Every other week, Alissa Wilkinson looks back at an iconic piece of cinema in the Adult Beginners column. The twist? She’s watching each of these films for the first time, approaching them with fresh eyes and mature context. This week, she’s discussing Breathless.
Last year, I spent half the summer in Paris, settled into a sixth-floor flat with a terrace in Montparnasse. The answer I give to people who ask how I liked it has by now hardened into a set pattern: First I sigh; then I press a hand to my chest; and then I say, “Oh, Paris is wonderful,” in my best imitation of a Victorian swoon.
There’s the bread, I explain, and the cheese, and the free-flowing wine, and the always-on-time metro, and the Louvre, and the bookstores everywhere. Eventually I make my way around to the real point, though, which is that Paris has everything I love about my home in New York (the aforementioned cheese and bookstore and art museums), but also a quality all its own. While New York is a city hellbent on chasing down the new, to the occasional destruction of its own history, Paris is a city dedicated to the preservation of its history. Nothing seems to change all that much—cosmetically, sure, a little; but everywhere you go, you’re stalked by ghosts, whether in the graveyards, or the cafés that were favorite haunts of your favorite writers, or the museums, most of which are pretty uninterested in contemporary art.
I think the two cities balance each other nicely in that way—and of course it’s hard not to fetishize Paris, which has much more on offer than you can possibly experience or grasp in 6 weeks, in ways good and bad. But I observe since returning that, while watching films set in Paris, I feel much more like I have for years watching films set in Brooklyn, where I know what corner they’re on and smile when characters enter restaurants. I know where that is. I’m seeing something that feels like home.
The oddest part of this is that while I’ve spent a bit of time in cinematic Paris since my return (most notably, the 13 hours I perched on a seat in a Brooklyn movie theater watching the theatrical premiere, decades late, of Jacques Rivette’s Out 1), I haven’t watched any contemporary French cinema. It’s all films shot in the 1960s and ’70s. Films shot in New York in the ’60s and ’70s are recognizably New York, but much grimier and with an air of danger largely absent from those same streets today. But films shot in Paris in those decades show us a place a lot like today.
So it was strangely comforting to settle into Jean-Luc Godard’s Breathless (1960), which roams the boulevards and streets of Montparnasse. I even had a ready avatar in Jean Seberg’s aspiring journalist with the flatly American-accented French (not as broken as my own). The tanks rolled down the Champs-Élysées for Bastille Day and I smiled, having just seen that, too.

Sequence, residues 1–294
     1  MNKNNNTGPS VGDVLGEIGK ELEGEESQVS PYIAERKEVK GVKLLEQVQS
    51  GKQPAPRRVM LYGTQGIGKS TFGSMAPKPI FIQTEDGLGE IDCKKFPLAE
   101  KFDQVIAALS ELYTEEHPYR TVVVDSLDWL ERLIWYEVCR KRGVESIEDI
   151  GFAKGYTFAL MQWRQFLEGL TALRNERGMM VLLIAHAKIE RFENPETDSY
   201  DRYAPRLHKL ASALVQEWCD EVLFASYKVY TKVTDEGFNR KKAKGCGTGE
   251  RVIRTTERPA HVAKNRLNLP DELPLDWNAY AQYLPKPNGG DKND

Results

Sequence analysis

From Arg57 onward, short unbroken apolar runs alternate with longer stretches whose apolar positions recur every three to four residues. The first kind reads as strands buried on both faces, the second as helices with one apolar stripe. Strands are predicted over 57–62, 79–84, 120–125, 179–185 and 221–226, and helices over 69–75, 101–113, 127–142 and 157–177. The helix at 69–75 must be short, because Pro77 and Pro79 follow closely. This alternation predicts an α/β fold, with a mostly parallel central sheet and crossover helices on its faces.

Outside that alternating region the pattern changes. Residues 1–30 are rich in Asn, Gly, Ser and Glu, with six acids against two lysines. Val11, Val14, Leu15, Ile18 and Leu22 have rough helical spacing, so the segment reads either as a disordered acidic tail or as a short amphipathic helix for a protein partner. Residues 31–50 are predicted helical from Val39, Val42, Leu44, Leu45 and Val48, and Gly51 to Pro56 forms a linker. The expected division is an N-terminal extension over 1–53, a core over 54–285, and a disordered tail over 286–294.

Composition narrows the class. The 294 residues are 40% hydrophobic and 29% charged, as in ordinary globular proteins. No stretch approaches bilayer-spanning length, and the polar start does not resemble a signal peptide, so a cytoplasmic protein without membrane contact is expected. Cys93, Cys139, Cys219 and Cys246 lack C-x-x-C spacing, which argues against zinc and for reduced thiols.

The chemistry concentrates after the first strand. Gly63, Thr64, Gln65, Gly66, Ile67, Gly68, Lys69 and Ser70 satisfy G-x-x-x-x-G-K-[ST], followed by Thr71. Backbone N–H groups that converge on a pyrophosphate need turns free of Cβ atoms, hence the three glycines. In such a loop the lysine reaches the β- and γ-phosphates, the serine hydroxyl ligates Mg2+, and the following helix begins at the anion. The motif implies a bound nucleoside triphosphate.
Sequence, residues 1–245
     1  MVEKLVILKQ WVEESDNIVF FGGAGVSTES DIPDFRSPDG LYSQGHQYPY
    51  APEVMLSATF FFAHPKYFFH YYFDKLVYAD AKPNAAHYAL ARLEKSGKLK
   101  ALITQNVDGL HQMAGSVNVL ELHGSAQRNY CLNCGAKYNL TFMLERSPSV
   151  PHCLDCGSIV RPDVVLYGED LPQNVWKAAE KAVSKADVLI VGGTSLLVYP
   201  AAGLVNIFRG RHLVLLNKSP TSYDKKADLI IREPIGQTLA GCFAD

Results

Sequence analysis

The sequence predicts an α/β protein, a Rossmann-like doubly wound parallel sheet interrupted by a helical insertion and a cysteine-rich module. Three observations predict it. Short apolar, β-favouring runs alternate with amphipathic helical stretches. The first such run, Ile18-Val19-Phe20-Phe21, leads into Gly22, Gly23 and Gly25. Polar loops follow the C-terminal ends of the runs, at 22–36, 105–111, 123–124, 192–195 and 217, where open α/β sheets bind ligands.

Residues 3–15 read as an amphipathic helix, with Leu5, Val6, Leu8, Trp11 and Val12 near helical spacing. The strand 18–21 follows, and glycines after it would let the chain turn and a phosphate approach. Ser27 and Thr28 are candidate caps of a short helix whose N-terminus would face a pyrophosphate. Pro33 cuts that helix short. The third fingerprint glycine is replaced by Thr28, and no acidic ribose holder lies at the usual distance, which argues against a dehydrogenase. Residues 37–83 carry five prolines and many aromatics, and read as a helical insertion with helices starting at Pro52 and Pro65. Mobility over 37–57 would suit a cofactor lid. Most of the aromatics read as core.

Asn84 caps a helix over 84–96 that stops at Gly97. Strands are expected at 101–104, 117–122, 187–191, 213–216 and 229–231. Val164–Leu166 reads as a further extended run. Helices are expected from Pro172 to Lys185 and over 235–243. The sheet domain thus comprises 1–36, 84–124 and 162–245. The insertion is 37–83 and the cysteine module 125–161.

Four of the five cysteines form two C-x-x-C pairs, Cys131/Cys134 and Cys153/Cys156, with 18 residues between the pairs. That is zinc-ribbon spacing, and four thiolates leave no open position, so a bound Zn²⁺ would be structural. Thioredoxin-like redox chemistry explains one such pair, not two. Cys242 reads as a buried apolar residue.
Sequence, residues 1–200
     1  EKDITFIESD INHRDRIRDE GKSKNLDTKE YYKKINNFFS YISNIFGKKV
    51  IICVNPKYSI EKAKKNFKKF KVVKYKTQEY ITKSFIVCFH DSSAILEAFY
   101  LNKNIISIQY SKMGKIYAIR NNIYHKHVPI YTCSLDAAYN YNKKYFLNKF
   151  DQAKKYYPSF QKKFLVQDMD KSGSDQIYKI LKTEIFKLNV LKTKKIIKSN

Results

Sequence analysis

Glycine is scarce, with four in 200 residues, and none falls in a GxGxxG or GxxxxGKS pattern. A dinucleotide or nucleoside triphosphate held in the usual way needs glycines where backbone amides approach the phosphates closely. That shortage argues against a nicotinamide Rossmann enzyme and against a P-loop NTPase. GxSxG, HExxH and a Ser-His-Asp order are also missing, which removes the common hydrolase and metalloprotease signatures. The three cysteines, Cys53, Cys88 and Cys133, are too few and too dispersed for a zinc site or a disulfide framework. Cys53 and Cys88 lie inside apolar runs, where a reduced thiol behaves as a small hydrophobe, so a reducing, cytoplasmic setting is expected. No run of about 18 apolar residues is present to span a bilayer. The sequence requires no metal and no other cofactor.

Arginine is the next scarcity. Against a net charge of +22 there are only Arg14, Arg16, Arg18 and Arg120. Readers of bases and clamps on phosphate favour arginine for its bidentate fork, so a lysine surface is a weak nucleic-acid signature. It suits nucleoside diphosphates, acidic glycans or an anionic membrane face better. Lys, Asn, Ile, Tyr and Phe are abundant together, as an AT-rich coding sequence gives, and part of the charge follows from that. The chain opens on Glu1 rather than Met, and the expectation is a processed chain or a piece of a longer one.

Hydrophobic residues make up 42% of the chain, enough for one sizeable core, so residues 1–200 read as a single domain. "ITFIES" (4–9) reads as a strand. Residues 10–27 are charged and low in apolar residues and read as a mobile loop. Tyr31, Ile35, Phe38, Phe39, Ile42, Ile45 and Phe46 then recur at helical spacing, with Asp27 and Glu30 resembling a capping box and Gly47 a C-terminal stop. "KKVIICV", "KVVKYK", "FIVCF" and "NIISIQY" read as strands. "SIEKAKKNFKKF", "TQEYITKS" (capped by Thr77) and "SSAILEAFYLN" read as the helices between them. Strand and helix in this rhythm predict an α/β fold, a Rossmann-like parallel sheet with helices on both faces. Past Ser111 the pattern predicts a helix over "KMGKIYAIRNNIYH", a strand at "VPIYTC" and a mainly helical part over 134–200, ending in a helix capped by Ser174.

But nostalgia bleeds past the Montparnasse curbs in Breathless. The film is Godard’s cinema-obsessed homage to and struggle against American movies. Its other main character, a small-time criminal (Jean-Paul Belmondo) who steals a car and kills a cop on a motorcycle, is obsessed with Humphrey Bogart—and that alone gives us something to work with. Watching him look at the poster and whisper Bogey’s name, I remembered that this is essentially a second-generation film, a movie made by and for a generation who have lived with the movies. It’s a film conscious of film, and conscious of how films have told us how to be characters: the ingenue, the cool womanizer, the hero, the antiheroine.
Given that, Seberg’s character’s association with the news—she sells the New York Herald Tribune; she’s a student trying to break into the business; and in the end, she calls in some news herself—is telling. I even got to wince with recognition as she attempts to get a question in edgewise to a novelist at a junket. As the “first draft of history,” newspapers are the place where who we were gets recorded; films, too, have filled that role since they moved off sound stages, and it’s not incidental that Breathless was meant to be shot in a style similar to documentaries. (Raoul Coutard, the cinematographer, spent 11 years as a war photographer before moving into film.)
Of course, Godard’s obsession with making films that are about films is not news anymore. But it’s perhaps worth dwelling on that point a minute and remembering that this film is both self-conscious and covert about it. The plot isn’t about the movie business, like so many others. Godard’s just paid attention to film—close, loving, obsessive attention that tries to work out why and how movies work. He refers to other films in ways only another careful observer with a similar obsession can notice, and repositions other narratives in new space to give them fresh meaning, jump-cutting to make sure we’re still paying attention.
Breathless, then, functions like a bit of criticism: a work of art that responds to works of art. But it’s also fun (and maybe a little bewildering) if you don’t know what it’s doing; it’s lovely, and most everyone could watch Seberg forever. I visited her grave this summer in Montparnasse. There I read there about her short, tragic life. I’ll be there next month, and I think I might return and let her ghost know that I’m paying attention.
Artwork by Emily Peck.
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